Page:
A Dying Wish

Peggy Quinn wanted to make death easier on the terminally ill, but she's made life hard on everyone else.

But this isn't the first time someone has accused Bezuidenhout of questionable activities. Three years ago, Bezuidenhout's former employer, Life Source Services, a Lakewood hospice, accused her of stealing its trade secrets and using them to start Namaste; the company also accused her of committing computer crime. Bezuidenhout was hired as Life Source Service's chief operating officer and chief executive officer on June 1, 1997. When she resigned on May 18, 1998, Life Source alleges, she took much of its proprietary information along with her, including the company's policies and procedures manual, training materials, brochures, forms, customer lists and even its strategic plan. Life Source vice president Jay Analovitch wouldn't comment on the matter because he says it's company policy not to discuss former employees, but a Lakewood Police Department report lays out his accusations.

According to the report, Analovitch hired private investigator Janet Bayless to gather information before going to the authorities. "On the day of her resignation, Mr. David Sebbag (the principal stockholder of Life Source Services, Inc.) discovered that Ms. Bezuidenhout intended to open a competing hospice called Namaste Care Group. Mr. Sebbag immediately advised Ms. Bezuidenhout that she was not to enter the premises of Life Source Services, Inc. Mr. Sebbag later learned that Ms. Bezuidenhout had entered the building during the evening of May 18, 1998, and had removed items from the office. Mr. Sebbag had the locks changed the next day," the police report states.

The Lakewood police officer who filed the report went on to note that, "Ms. Bayless told me that in early 1998, Ms. Bezuidenhout had the secretary/receptionist for Life Source Services, Inc., Katherine A. Perry, download all information from Life Source Services, Inc., onto diskettes...Ms. Bezuidenhout said she wanted this material to be copied on diskettes so she could take the diskettes to a safe place off-site in case of a natural disaster."

The report also states that Perry briefly worked for Bezuidenhout while on vacation from her job at Life Source; after Bezuidenhout left the company, the report continues, Perry was told by Bezuidenhout to call up the documents she had downloaded several months earlier on a computer in an office where Bezuidenhout was working. "She was then instructed to bring up each document, and everywhere she saw 'Life Source Services, Inc.' she was to replace those words with 'Namaste Care Group.' Ms. Bezuidenhout paid Ms. Perry for her work with a personal check. Apparently, Ms. Perry did not feel right about what was occurring, so she went to Mr. Analovitch and told him what was going on.

"Mr. Analovitch said that he believed Ms. Bezuidenhout had orchestrated this since before the beginning of the year. He said that all records relating to bereavement work, that are required by Medicare of all hospice facilities, are missing from the patient files. He said they had to mail a form letter to more than 300 families of deceased patients to rectify this violation. This cost his company in excess of $5,000...Mr. Analovitch added that Ms. Bezuidenhout has recruited many of his employees to come and work for her," according to the report.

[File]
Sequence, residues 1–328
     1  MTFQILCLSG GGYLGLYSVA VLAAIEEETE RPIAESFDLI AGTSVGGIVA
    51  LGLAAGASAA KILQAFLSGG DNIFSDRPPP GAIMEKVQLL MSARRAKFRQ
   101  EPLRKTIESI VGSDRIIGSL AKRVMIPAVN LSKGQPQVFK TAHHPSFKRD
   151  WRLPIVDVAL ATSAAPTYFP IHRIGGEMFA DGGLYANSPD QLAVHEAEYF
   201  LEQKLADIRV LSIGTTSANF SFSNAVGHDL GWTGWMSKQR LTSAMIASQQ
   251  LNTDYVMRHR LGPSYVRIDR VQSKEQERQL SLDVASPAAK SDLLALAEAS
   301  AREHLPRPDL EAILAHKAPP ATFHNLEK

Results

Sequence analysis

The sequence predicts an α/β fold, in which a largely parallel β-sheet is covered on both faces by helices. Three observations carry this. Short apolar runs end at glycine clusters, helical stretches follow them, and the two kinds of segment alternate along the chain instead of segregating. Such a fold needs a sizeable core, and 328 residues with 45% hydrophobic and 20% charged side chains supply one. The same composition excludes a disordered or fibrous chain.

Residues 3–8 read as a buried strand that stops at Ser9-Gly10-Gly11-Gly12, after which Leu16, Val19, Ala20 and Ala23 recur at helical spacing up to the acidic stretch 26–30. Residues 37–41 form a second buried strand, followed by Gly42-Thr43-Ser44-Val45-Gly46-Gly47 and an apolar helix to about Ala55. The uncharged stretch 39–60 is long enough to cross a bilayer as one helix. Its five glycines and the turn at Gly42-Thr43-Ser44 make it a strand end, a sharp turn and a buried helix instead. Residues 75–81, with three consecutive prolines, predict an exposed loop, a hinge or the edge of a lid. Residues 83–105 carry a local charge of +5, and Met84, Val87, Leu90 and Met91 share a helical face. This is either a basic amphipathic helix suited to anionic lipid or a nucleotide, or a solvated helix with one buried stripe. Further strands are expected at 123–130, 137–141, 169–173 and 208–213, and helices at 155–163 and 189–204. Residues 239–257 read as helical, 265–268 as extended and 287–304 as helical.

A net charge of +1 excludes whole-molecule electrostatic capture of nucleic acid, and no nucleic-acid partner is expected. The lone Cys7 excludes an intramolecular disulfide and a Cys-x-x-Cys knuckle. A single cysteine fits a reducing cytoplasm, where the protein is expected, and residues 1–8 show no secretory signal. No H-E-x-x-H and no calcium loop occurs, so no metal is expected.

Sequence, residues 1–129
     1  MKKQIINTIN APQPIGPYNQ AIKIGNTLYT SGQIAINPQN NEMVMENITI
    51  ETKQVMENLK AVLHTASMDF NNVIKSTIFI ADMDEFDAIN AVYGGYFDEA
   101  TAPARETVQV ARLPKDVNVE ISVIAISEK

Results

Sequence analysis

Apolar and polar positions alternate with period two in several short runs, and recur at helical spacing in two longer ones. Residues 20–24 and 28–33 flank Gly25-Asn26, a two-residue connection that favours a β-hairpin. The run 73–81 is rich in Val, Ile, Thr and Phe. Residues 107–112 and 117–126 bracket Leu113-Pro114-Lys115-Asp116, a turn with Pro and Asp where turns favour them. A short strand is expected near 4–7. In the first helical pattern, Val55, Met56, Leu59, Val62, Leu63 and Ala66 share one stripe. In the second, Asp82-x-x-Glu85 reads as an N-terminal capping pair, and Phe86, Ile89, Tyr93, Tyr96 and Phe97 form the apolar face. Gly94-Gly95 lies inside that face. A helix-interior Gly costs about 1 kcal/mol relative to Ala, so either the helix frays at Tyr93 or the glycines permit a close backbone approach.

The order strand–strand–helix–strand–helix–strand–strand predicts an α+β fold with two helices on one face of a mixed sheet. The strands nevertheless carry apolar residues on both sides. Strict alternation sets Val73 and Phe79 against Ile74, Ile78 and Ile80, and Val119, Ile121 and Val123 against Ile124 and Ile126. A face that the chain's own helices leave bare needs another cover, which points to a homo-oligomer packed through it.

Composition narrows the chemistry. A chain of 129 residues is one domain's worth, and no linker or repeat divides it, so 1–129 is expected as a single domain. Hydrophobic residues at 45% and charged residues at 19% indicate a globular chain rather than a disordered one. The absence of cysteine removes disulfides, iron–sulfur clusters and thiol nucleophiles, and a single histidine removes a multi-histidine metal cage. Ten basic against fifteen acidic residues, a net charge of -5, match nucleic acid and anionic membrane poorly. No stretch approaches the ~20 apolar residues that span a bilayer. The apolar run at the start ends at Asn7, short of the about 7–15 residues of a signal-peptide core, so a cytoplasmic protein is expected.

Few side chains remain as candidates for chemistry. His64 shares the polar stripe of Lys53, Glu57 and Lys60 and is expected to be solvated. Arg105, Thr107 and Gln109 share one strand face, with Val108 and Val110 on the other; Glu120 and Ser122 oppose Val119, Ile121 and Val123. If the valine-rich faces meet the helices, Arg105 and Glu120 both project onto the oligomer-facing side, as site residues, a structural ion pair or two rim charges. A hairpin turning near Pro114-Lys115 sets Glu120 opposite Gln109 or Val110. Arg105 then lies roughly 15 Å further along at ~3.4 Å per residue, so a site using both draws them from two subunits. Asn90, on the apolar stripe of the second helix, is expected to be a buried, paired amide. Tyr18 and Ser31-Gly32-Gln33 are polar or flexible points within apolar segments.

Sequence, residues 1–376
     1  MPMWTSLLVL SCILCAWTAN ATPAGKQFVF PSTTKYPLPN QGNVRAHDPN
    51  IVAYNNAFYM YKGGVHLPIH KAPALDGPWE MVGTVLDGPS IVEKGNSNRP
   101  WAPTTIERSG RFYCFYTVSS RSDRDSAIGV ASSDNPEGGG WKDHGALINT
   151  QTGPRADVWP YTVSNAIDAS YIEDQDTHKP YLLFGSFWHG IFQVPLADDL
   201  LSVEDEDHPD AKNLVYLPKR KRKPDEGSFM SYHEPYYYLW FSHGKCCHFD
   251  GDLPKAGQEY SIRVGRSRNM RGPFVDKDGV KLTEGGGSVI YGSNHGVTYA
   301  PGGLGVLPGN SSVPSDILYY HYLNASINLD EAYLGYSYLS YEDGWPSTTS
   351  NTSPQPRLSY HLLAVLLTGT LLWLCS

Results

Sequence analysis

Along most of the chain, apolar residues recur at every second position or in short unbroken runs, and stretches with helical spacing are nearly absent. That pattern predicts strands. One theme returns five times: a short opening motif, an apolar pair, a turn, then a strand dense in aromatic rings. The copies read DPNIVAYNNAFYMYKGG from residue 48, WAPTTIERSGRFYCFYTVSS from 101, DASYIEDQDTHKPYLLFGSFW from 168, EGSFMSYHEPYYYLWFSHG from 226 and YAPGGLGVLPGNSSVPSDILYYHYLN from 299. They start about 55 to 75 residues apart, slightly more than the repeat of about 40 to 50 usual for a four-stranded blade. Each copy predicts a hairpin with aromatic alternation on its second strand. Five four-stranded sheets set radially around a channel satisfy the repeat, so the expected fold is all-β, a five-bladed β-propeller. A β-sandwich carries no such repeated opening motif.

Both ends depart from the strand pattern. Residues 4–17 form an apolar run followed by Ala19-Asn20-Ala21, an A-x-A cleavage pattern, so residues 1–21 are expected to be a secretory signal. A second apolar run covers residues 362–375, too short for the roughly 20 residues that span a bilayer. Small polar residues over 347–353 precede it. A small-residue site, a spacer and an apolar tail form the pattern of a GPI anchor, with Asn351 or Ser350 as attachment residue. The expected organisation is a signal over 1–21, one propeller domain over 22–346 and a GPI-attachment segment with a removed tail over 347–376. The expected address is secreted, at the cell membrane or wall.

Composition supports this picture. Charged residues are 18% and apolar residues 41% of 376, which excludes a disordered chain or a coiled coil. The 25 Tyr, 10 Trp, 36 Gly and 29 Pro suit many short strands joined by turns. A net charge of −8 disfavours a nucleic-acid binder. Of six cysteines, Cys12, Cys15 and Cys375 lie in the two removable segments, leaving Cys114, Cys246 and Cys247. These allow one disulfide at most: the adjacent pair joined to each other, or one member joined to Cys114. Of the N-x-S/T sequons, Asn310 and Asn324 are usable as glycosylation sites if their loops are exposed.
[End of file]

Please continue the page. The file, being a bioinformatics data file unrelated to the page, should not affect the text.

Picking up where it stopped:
Bezuidenhout deferred comment on the allegations to a December 11, 1998, letter her attorney wrote to the Lakewood police detective who investigated the claims. "Through her attorney, Ms. Bezuidenhout reported that the material that Life Source Services claimed was stolen from them she had developed before coming to work for Life Source Services and that the material was all original works of Ms. Bezuidenhout," the police report states. "Additionally, as there was no agreement which prohibited her from using the material, she did not believe that there would be a problem taking it. However, to avoid any problems, Ms. Bezuidenhout returned the material. Ms. Bezuidenhout denies that she removed any paperwork from patient files. It is Ms. Bezuidenhout's belief that the case was filed in retaliation for her leaving Life Source Services." According to the letter written by her attorney, Bezuidenhout left Life Source Services because she had not received the salary or the benefits she'd been promised.

The Lakewood Police Department turned the case over to the Jefferson County District Attorney's Office, which declined to prosecute, saying the damages listed as a result of the computer crime are civil in nature. "They are incidental damages that, while certainly real, are not considered damages in the criminal case," explained then-deputy district attorney Brian Boatright in a report. He added that in order to issue a summons on the theft-of-trade-secrets charge, he would need to establish, beyond a reasonable doubt, what was done with the customer lists and where the other allegedly stolen paperwork originated.


In late April, Concerned Friends Raskin and Henderson and the Anam Chara board of directors met in hopes of finally resolving their differences.

They came to the same conclusion they'd reached in March: The most reasonable option would be to sell the Denver home -- to Namaste or to another elder-care organization -- and use the money to repay Namaste for running the Denver home and paying the mortgage on the Boulder property. (When Namaste's lease agreement ends in late June, Anam Chara will owe the company $50,000 to $60,000, Bezuidenhout says.) Any money that was left over could be used to reopen the Boulder home. The board would then resign and allow the Concerned Friends to take over.

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